Okinawan Moments of Culinary, Art and Ocean

Kudaka Island, Okinawa

photography by: Omri Westmark

Nestled at the southernmost part of Japan, the archipelago of Okinawa, aka the Ryukyu Islands, is a distinct cultural entity, utterly different in almost every aspect of life from the rest of the country. Once an independent nation, Okinawa absorbed both Chinese and Japanese influences throughout its history while also maintaining a strong character of its own. I spent five days in this remarkable paradise, experiencing a tremendous amount of unique moments, all of which are different from each other, making the time spent unimaginably enriching.

Culinary

The Okinawan sweet potato, locally known as Ube is almost synonymous with the archipelago, as it’s found in a plethora of food items such as this delightful soft mochi.

photography by: Omri Westmark


Okinawan cuisine is singular, consisting of endless array of exceptional flavors and bites. The ones captured by my camera were the Okinawan sea grapes, or formally known as an algae called Caulerpa lentillifera, complemented by a soy sauce, an ube salad-ball, Tofuyo, a fermented tofu reminiscent of a French cheese and a glass of cold Awamori, a local distilled alcoholic beverage made of rice.

photography by: Omri Westmark


Jimamidofu, also known as peanut tofu, is yet another Okinawan specialty made of peanut milk mixed with few starchy ingredients.

photography by: Omri Westmark


During WW2, Okinawa was occupied by the US army, keeping military presence up to this day, resulting in many hybrid food items like the incredibly scrumptious Pork Tamago Onigiri consisting of spam, tamago omelet and rice wrapped with nori seaweed, while on the right is a purple sweet potato and milk flavored American-style ice cream.

photography by: Omri Westmark


Naha’s central market is a must for seafood-lovers, offering all sorts of exotic stuff to behold at. For people who wish to engage their tastebuds, handful of seafood eateries operate on the second floor.

photography by: Omri Westmark


Habushu or Habu-Sake is an awamori mixed with honey, herbs, and yes, a snake, more specifically a pit viper known locally as Habushu. Fortunately the venom is dissolved by the alcohol, making it perfectly safe for drinking.

photography by: Omri Westmark


As mentioned before, the purple sweet potato is Okinawa’s most widespread staple food. Interestingly, some studies attribute the exceptional longevity of Okinawans to the rich content of anti-oxidants found in this lavender-colored yam.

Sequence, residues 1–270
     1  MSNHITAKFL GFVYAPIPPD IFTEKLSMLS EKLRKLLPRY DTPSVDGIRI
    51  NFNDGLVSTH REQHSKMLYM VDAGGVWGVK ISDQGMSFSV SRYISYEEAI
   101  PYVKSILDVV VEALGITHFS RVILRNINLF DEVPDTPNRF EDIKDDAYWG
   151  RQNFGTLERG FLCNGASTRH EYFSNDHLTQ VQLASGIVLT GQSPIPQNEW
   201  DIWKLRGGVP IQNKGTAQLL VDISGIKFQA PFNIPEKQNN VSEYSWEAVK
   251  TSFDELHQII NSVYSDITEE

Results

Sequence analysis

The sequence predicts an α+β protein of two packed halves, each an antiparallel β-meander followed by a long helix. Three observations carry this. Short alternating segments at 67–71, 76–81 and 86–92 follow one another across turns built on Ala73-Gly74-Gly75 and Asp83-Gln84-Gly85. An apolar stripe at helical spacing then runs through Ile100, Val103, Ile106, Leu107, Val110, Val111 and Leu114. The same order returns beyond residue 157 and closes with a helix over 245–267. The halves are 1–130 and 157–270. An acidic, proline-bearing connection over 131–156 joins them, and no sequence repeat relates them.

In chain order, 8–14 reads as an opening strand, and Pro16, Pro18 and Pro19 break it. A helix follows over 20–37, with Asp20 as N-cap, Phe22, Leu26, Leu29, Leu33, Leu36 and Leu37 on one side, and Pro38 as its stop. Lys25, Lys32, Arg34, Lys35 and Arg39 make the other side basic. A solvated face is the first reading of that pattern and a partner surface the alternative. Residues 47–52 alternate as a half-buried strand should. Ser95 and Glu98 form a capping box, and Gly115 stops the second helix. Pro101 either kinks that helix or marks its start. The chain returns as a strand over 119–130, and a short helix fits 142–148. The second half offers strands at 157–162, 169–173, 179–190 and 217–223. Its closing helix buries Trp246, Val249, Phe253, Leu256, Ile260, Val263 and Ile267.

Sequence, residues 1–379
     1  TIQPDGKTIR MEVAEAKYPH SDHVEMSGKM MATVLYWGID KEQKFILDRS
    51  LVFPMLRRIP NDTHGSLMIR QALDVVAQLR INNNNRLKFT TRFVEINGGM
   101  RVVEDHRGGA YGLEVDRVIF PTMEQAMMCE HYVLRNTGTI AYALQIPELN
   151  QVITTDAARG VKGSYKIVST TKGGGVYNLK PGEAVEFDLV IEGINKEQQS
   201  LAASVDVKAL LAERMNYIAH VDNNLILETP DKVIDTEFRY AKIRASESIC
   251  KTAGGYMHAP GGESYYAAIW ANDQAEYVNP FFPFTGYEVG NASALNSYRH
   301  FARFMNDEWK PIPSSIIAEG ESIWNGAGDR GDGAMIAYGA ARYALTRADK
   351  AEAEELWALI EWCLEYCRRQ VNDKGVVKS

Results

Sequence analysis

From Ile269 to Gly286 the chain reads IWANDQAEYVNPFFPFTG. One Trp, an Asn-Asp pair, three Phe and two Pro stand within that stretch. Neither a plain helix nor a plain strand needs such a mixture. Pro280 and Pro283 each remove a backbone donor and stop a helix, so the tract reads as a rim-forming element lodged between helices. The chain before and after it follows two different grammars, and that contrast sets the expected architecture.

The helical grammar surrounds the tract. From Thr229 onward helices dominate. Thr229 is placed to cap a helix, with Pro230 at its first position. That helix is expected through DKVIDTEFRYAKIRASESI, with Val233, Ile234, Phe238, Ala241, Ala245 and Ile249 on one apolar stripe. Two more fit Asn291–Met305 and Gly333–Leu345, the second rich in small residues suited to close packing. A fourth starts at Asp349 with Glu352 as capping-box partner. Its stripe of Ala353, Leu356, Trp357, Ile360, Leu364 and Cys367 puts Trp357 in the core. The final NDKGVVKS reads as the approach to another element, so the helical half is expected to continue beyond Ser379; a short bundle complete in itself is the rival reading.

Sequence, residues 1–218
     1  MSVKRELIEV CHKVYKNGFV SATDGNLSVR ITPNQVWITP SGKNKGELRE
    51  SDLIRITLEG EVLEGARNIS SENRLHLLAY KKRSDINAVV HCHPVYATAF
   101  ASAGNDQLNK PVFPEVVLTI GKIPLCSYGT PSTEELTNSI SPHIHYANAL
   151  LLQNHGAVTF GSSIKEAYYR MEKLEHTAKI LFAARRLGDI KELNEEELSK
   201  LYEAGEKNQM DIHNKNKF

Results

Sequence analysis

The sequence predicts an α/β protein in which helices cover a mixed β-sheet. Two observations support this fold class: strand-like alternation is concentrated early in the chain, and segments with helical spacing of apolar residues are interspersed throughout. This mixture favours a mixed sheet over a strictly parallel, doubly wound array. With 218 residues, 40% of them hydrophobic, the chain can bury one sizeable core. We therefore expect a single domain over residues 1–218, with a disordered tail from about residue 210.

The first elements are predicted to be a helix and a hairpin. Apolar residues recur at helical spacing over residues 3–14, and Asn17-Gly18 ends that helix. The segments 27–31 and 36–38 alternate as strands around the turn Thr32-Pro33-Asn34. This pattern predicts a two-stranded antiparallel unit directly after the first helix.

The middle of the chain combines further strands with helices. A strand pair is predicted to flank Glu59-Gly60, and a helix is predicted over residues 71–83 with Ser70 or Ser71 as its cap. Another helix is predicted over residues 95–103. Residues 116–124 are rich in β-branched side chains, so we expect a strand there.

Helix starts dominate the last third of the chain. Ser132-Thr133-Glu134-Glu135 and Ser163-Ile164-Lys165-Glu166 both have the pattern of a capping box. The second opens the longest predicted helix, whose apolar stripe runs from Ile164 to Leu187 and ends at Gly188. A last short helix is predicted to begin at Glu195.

photography by: Omri Westmark


Naha’s main shopping arcade is where I found this exotic treat, Ube flavored sticky-rice paste wrapped in banana leaf.

photography by: Omri Westmark


Naha’s main street is home to countless creative cafes and shops, one of which is a bakery offering a Hungarian desert called Kürtőskalács filled with a purple sweet potato ice-cream, truly delightful.

photography by: Omri Westmark


Art and Architecture

Guarding every house in Okinawa, Shisa is the local version of the Chinese guardian lions who keep demons and bad spirits away. This canine lion hybrid almost always comes in pairs and serves as the no.1 souvenir from the islands.

photography by: Omri Westmark


Under the Ryūkyū Kingdom, the district of Shuri functioned as the royal seat of the emperor. Currently this historic area is the perfect place to peacefully stroll and awe at the remnants of once a formidable kingdom.

photography by: Omri Westmark


Shuri castle on the right is a restored version as it was destroyed and rebuilt several times, most recently in WW2 as a result of the fierce battles between Japanese and American military forces. On the right is one of ponds surrounding the lake, providing home to some adorable fluffy ducks.

photography by: Omri Westmark


Ocean

Okinawa is home to countless cafés known as Ocean cafés, and as the name suggests, they offer a gorgeous ocean view accompanied by typical Okinawan tasty treats.

photography by: Omri Westmark


Cape Hedo is the northernmost point in Okinawa Island, blessed with spectacular views and unique endemic flora.

photography by: Omri Westmark


Mihama American Village is a piece of America in the middle of Okinawa as it features American style shopping center, theme park and a restaurant complex, however I found the adjacent beaches as its most appealing part.

photography by: Omri Westmark


Okinawa is sometimes mistaken to be just one island, it couldn’t be furthest from the truth as many small islands are found just few kilometers off the main island of Okinawa, one of which is the sacred island of Kudaka, linked by a daily ferry service.

photography by: Omri Westmark


Kudaka Island is considered as a sacred place according to Ryukyu Shintō, the local indigenous Okinawan religion, blessed with couple of shrines labeled as significant holy sites, most of which are natural formations with minimal or no man-made intervention.
Cape Kaberu is probably one of most graceful shrines found in the island.

photography by: Omri Westmark


Cape Kaberu is also a popular fishing spot for the Kudaka islanders, holding their fishing-rods while gazing into the crystal clear water.

photography by: Omri Westmark


If you ever opt to visit this secluded nook, make sure to rent a bike as it’s by far the best way to explore this beautiful island. A bicycle renting shop next to the pier offers a bike rental for 10-15 US dollars a day.

photography by: Omri Westmark